Facebook, on Tuesday, announced its plans to introduce a digital wallet for Libra – a new global (crypto) currency powered by the blockchain technology. For which, it has created a new subsidiary, called Calibra, that aims to provide financial services to allow people to access and participate in the Libra network.
The digital wallet is expected to be available in Messenger, WhatsApp, and as a standalone app. And is expected to launch sometime in 2020.
What is Libra?
Libra is a new cryptocurrency that is built by Facebook and powered by its new blockchain technology. Facebook calls it, a ‘global currency and financial infrastructure’, which translates to a type of digital currency that can be used to buy things or send money to people around the globe with nearly zero fees. Users will be able to spend Libra using any third-party wallet apps or Facebook’s very own Calibra wallet that is built-into Messenger, WhatsApp, and its standalone app.
Facebook says that Libra is designed to be a stable digital cryptocurrency that will be backed by the Libra Reserve (a reserve of real assets). It is supported by a network of exchanges buying and selling Libra. That means anyone with Libra can be assured that they convert their digital currency into a local fiat currency based on the exchange rate. This is similar to how they would convert one fiat currency (like dollar, pound, rupee) to another.
The Libra currency is built on the ‘Libra Blockchain’, which is open-source to address a global audience. This is open to any consumer, developer, or business to use the Libra network and build products on top of it. It uses a new programming language, called ‘Move’, to implement custom transaction logic and smart contracts on the Libra Blockchain. Facebook says that the language is designed with safety and security into consideration, and takes insights from security incidents into consideration, to make it easier to write code without the risk of unintended bugs or security incidents.
Who owns Libra?
Unlike most other cryptocurrencies that are decentralized and not backed by any organization, the Libra currency will be governed by the Libra Association, which is an independent, not-for-profit membership organization, headquartered in Geneva, Switzerland. Even though Facebook is responsible for creating the Libra Association and the Libra Blockchain, it says that it will only maintain a leadership role through 2019. It will withdraw from the role, as soon as the currency launches in 2020, leaving the rest of the members of the association with equal votes in governance.
The current list of the ‘Founding Members’ of the organization, along with their respective industries, include:
- Payments: Mastercard, PayPal, PayU (Naspers’ fintech arm), Stripe, Visa
- Technology and marketplaces: Booking Holdings, eBay, Facebook/Calibra, Farfetch, Lyft, MercadoPago, Spotify AB, Uber Technologies, Inc.
- Telecommunications: Iliad, Vodafone Group
- Blockchain: Anchorage, Bison Trails, Coinbase, Inc., Xapo Holdings Limited
- Venture Capital: Andreessen Horowitz, Breakthrough Initiatives, Ribbit Capital, Thrive Capital, Union Square Ventures
- Nonprofit and multilateral organizations, and academic institutions: Creative Destruction Lab, Kiva, Mercy Corps, Women’s World Banking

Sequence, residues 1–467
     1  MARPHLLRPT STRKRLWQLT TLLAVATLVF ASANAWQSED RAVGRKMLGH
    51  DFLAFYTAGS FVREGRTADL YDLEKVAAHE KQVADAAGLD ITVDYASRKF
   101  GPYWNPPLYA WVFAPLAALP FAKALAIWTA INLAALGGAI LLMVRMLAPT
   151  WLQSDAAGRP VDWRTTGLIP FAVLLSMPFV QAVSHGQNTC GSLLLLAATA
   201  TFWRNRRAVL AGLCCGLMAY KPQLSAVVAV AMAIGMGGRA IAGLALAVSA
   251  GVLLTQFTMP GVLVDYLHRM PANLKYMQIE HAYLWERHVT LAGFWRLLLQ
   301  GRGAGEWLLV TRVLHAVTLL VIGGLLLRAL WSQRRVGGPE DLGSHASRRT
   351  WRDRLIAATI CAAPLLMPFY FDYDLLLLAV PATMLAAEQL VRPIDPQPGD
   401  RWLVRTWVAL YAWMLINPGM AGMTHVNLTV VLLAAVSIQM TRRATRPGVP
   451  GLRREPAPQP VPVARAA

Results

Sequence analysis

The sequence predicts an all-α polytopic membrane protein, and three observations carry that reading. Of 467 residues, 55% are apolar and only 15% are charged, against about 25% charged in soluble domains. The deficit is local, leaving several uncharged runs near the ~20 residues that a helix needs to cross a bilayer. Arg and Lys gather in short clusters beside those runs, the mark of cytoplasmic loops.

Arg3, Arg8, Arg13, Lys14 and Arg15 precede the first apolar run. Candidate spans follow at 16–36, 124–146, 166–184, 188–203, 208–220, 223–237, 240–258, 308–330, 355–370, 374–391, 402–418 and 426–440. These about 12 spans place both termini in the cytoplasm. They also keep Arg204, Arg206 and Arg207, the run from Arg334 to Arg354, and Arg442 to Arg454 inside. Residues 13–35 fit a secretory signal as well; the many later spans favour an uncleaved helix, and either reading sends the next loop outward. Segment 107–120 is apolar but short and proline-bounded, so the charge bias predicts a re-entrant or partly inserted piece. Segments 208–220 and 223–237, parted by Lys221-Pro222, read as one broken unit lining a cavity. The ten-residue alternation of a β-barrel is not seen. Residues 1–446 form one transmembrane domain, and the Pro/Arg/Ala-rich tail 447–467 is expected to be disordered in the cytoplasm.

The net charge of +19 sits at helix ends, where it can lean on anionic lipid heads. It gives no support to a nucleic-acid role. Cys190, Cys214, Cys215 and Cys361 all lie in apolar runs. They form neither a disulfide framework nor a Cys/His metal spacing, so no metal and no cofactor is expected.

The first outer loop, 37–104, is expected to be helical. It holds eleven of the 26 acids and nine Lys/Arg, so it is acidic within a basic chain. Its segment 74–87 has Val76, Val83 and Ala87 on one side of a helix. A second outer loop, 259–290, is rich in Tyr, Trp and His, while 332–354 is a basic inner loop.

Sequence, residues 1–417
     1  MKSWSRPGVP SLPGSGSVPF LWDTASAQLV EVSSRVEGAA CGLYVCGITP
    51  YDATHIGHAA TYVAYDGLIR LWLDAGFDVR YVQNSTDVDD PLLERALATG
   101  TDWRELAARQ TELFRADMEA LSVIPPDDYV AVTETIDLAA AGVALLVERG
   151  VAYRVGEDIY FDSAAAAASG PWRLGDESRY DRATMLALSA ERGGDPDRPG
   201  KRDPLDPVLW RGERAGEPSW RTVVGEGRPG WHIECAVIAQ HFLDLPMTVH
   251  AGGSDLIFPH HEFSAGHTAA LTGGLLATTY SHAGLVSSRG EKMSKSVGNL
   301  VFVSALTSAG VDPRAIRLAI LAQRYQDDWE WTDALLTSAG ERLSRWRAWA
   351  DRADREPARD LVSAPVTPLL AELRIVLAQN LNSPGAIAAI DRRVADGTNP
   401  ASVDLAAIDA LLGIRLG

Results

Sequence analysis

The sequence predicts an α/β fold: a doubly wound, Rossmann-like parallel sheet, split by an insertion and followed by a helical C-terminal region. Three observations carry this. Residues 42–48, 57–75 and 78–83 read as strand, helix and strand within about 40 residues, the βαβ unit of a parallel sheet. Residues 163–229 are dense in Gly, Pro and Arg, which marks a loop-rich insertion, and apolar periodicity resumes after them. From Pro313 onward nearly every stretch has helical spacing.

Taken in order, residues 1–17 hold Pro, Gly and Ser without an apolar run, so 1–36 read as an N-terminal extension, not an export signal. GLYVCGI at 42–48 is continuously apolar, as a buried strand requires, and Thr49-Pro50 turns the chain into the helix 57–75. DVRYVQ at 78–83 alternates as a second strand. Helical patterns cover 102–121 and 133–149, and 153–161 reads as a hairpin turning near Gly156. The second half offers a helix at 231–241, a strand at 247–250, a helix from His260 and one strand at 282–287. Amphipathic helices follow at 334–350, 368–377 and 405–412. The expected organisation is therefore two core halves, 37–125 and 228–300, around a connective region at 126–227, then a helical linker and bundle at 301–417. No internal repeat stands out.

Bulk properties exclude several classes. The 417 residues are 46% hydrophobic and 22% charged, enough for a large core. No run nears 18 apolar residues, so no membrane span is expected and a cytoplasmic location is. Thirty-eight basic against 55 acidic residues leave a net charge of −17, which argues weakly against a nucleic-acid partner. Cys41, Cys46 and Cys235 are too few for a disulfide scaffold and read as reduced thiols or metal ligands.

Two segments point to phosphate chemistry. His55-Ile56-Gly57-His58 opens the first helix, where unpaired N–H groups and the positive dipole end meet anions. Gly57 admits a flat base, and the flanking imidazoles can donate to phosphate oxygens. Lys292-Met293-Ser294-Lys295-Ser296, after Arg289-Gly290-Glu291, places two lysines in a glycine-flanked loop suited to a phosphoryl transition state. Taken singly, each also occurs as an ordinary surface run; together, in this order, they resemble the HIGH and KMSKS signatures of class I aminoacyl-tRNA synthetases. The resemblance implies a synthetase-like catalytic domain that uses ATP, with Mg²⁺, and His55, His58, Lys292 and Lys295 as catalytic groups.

Facebook says that it is expecting approximately 100 members of the Libra Association by the target launch in the first half of 2020.
How to use Libra?
As soon as Libra launches, users can own and spend it using a digital wallet, called Calibra, which will be built-in to Messenger, WhatsApp, and its own standalone app. Calibra is expected to launch in 2020.
Essentially, with Calibra, users will be able to send Libra to almost anyone with a smartphone at a fairly low cost, as quickly and easily as they would send a text message. Facebook says, with time, it will offer additional services to users or businesses like paying bills with the push of a button, buying a cup of coffee with the scan of a code, or riding local public transit without needing to carry cash or a metro pass.
Once Calibra is available, users will need a government-issued ID to sign up for an account. This will be used for identity verification to comply with laws and prevent fraud. Users, who do not have a Facebook account, can also use Calibra by simply signing up and verifying themselves using a government ID. After which, they will be able to use Calibra to send money to anyone, anywhere in the world, and also to pay for everyday transactions, like buying a coffee, buying groceries, or taking public transportation.
Additionally, users will also be able to convert their local currency into Libra to add money to their wallet and convert it back when they want to withdraw using Calibra. To make this process transparent, Calibra will show the current exchange rate for the user currency to make the transaction easy and smooth.
Is Calibra safe?
It has also said that at the time of launch, Calibra will have strong protections in place to keep the personal information and money of the users safe. For which, it will be using the same verification and anti-fraud processes that banks and credit cards use. This is in addition to automated systems, which will proactively monitor activity to detect and prevent fraudulent behavior. Apart from this, the company will offer dedicated live support to help users who lose their phone or forget their password. It will also offer a refund to the users whose account gets fraudulently accessed by someone, resulting in a loss of Libra.
Coming to privacy, Facebook says that it will take necessary measures to protect user privacy. But, it also adds that, apart from limited cases, Calibra will not share account information or financial data with Facebook or any third party without customer consent. That also means that the customer’s account information and financial data will not be used to improve ad targeting on Facebook or its products.